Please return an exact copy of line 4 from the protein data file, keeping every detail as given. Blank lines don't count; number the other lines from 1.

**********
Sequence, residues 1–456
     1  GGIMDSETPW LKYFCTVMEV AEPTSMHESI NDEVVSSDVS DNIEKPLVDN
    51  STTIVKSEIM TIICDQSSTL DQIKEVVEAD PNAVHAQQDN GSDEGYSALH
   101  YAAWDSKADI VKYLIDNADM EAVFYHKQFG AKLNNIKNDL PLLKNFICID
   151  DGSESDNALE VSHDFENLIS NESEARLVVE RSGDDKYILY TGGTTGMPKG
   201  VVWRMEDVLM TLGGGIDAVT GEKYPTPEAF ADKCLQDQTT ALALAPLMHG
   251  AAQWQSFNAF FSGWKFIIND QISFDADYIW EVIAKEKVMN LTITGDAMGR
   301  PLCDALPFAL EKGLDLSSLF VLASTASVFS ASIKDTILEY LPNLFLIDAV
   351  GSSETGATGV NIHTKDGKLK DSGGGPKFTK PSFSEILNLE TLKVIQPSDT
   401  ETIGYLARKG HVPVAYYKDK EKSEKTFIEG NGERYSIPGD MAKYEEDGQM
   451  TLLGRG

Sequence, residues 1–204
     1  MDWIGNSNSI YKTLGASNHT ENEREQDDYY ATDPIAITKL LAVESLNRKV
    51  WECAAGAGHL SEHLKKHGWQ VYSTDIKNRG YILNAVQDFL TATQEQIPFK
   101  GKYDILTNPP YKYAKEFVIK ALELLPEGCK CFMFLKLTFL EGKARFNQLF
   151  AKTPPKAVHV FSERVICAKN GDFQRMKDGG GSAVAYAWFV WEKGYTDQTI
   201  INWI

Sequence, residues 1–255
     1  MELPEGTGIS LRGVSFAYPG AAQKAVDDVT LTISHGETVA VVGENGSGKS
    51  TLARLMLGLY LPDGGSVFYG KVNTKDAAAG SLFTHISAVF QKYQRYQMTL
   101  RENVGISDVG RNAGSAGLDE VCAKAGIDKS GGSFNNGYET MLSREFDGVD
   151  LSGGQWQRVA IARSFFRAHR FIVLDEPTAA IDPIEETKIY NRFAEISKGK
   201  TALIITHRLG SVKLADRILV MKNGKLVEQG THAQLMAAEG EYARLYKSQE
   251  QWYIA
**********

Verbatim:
   101  YAAWDSKADI VKYLIDNADM EAVFYHKQFG AKLNNIKNDL PLLKNFICID